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  • Writer's picturehaleylynnthomas22

My Final Fantasy of 2020: A Song of Wraiths and Ruin by Roseanne A. Brown (a review)

Updated: Dec 6, 2020

GENRE: YA Fantasy

LENGTH: 466 pages


Refugee Malik must kill Princess Karina in order to free his sister from an evil spirit who has captured her. Meanwhile, Princess Karina must find a way to resurrect her mother after she is assassinated and weed out the culprit responsible.


There are quite a few characters in this novel, but I'm going to focus this section on the two protagonists: Karina and Malik (who goes by Adil for a majority of the story). Karina is the princess of the city-state Ziran while Malik is a refugee from a place known as Eshra who is posing as a champion in a massive, festive competition. The two develop a romance that wasn't entirely insta-love but its close cousin. They had enough scenes together to make it seem believable they could develop feelings for each other, but they still could have benefited from more.

Karina is a character who has lost much and found herself thrust into a position of power she never wanted. She is consumed by grief but trying to manage the best she can. I can see her irking some readers as she can be grating. However, it's obvious she has Ziran's well being in mind with everything she does which is a major redeeming quality. She reads as a character who has a lot of potential and I can't wait to see how she continues to develop.

Malik is the character I related to the most as he suffers from anxiety and panic attacks. I myself have been diagnosed with both an anxiety and a panic disorder. Being able to read a character with my mental health illnesses in my favorite genre was so special and meaningful for me. His struggles came across as being written by someone who is either familiar with or who has done thorough research on said mental illnesses. It warms my heart to think of others such as myself getting to read a character they can relate to who is also so kindhearted.


The novel is told from the alternating third person perspectives of Karina and Malik. I typically prefer first over third person, but I think third person worked just as well for this story. Coming from someone who, as mentioned above, is a sufferer of anxiety and panic attacks and also someone who has experienced intense grief, Brown was able to capture and convey these in a way that was a gut punch in that it was so convincing.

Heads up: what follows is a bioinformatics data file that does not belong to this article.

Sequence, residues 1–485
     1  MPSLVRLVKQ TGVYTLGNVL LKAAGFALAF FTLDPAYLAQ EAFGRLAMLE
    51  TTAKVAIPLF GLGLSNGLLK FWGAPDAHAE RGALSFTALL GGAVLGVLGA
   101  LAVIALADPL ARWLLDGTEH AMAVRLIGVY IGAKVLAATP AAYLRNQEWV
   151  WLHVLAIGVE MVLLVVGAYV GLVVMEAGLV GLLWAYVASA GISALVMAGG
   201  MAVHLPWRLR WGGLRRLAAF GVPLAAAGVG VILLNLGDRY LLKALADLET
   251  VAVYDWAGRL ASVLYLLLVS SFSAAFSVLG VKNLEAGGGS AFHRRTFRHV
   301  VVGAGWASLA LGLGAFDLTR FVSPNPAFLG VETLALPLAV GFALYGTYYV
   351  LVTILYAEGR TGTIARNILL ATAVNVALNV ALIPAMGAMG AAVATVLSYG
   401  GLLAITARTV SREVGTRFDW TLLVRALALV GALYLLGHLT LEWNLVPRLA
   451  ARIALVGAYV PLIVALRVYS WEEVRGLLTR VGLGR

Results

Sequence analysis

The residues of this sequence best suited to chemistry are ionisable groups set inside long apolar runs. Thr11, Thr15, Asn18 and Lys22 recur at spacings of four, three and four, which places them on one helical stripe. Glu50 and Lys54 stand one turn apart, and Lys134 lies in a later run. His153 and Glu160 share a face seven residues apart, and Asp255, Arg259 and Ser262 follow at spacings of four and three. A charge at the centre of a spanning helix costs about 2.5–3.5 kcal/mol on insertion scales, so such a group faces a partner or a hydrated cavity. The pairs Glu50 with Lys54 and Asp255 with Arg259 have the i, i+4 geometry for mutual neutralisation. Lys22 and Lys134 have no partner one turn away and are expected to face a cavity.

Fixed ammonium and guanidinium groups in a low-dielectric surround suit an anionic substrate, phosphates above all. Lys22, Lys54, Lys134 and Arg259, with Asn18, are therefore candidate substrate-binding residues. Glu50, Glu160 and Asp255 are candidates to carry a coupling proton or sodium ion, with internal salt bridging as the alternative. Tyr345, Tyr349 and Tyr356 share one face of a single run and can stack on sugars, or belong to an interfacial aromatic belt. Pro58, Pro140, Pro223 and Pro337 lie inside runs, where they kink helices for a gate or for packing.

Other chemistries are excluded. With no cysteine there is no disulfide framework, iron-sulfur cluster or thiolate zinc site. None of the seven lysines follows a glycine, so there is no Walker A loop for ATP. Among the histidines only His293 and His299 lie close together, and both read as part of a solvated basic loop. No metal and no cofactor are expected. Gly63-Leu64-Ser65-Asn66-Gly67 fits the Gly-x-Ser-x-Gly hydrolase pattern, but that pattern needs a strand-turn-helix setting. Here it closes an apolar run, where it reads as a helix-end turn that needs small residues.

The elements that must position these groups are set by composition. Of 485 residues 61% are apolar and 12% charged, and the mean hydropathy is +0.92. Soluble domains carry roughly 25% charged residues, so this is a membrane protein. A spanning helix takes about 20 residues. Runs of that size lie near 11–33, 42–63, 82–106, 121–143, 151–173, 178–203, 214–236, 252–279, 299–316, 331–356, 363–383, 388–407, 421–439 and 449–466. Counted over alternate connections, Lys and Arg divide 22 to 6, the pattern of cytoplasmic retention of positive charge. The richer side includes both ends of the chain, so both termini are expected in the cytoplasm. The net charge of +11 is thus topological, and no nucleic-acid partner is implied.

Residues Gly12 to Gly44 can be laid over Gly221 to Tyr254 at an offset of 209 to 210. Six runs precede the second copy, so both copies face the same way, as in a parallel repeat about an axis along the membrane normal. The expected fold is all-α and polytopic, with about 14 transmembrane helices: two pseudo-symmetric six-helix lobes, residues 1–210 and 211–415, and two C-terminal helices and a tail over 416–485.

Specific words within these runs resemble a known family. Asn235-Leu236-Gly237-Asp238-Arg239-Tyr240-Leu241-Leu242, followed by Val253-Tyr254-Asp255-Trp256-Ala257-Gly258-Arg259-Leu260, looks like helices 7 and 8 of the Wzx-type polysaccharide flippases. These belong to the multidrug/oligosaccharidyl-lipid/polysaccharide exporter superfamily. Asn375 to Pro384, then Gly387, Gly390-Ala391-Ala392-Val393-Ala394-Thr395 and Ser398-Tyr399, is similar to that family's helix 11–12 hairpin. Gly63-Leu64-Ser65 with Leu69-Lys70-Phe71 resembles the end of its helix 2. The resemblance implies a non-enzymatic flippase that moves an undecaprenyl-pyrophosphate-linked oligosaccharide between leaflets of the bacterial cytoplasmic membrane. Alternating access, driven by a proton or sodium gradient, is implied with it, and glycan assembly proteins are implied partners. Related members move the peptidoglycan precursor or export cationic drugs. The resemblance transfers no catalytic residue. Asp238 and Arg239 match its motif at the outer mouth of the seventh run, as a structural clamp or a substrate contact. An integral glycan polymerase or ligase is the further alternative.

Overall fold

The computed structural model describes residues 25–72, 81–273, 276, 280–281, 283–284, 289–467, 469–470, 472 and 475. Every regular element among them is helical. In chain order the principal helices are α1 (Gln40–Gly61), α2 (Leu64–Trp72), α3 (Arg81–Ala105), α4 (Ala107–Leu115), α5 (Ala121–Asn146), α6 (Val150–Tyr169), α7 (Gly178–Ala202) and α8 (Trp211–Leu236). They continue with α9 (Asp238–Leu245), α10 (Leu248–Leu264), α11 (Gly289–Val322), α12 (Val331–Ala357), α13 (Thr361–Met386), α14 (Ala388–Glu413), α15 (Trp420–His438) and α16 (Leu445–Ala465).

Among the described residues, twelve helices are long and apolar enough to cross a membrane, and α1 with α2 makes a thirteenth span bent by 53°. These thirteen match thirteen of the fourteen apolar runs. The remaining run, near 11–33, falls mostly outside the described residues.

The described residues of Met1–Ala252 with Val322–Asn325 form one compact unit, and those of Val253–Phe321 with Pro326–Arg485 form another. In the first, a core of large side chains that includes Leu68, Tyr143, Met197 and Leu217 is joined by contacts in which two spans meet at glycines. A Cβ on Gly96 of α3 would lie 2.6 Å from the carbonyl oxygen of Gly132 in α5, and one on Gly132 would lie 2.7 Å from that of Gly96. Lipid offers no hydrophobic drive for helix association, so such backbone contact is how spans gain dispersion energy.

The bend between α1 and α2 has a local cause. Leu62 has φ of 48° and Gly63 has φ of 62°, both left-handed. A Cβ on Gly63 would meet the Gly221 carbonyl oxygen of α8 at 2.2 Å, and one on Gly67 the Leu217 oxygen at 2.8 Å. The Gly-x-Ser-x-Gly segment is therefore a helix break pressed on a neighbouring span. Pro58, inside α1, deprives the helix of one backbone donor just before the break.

Outside of the romance being a little rushed the novel has good pacing. There is a lot of world building to be established but it was never jammed in. Rather, it was sprinkled in quite naturally. The start takes time to establish characters and their backstories before moving into the meat of the story. The ending is the perfect balance of not feeling rushed and nicely wrapping up certain plot points while also having a cliffhanger that makes the reader eager for the next installment in the series.

WORLD BUILDING A majority of the novel takes place in the city-state of Ziran, though the novel includes characters of various backgrounds. History and lore revolving around Ziran and their relationships with outside cultures is a large part of the novel. Therefore, even though the characters hardly leave the city the world never feels restrictive.

Other aspects of the world include magic and magical creatures known as grim folk. The way the magical aspects of the world work are that every character who possesses it has a specific kind/ability such as Malik being able to conjure illusions. Since there was already a good amount going on with the world I think it was wise of Brown to keep the magic system simpler.

The world of this novel is inspired by West African mythology. As someone who finds learning about other cultures' mythology interesting I ate up this world. There are lots of different parts to it but they all melded together and never felt overwhelming.


While just a couple of weeks ago I declared Raybearer by Jordan Ifueko to be my favorite YA fantasy of the year, this one has come in at the last moment (it's the last YA fantasy that isn't a reread I'm reading this year) and snatched the crown. If you've already read this book, however, and you're looking for another West African inspired fantasy I definitely recommend checking out Raybearer as it is exceptional.

This novel is well written and has so much representation from having black main characters, and main characters experiencing grief and having anxiety and panic attacks. The romance in the novel actually reminded me quite a bit of the romance from a French inspired YA fantasy known as Bone Crier's Moon by Kathryn Purdie. That being said, outside of the romance they're very different stories.


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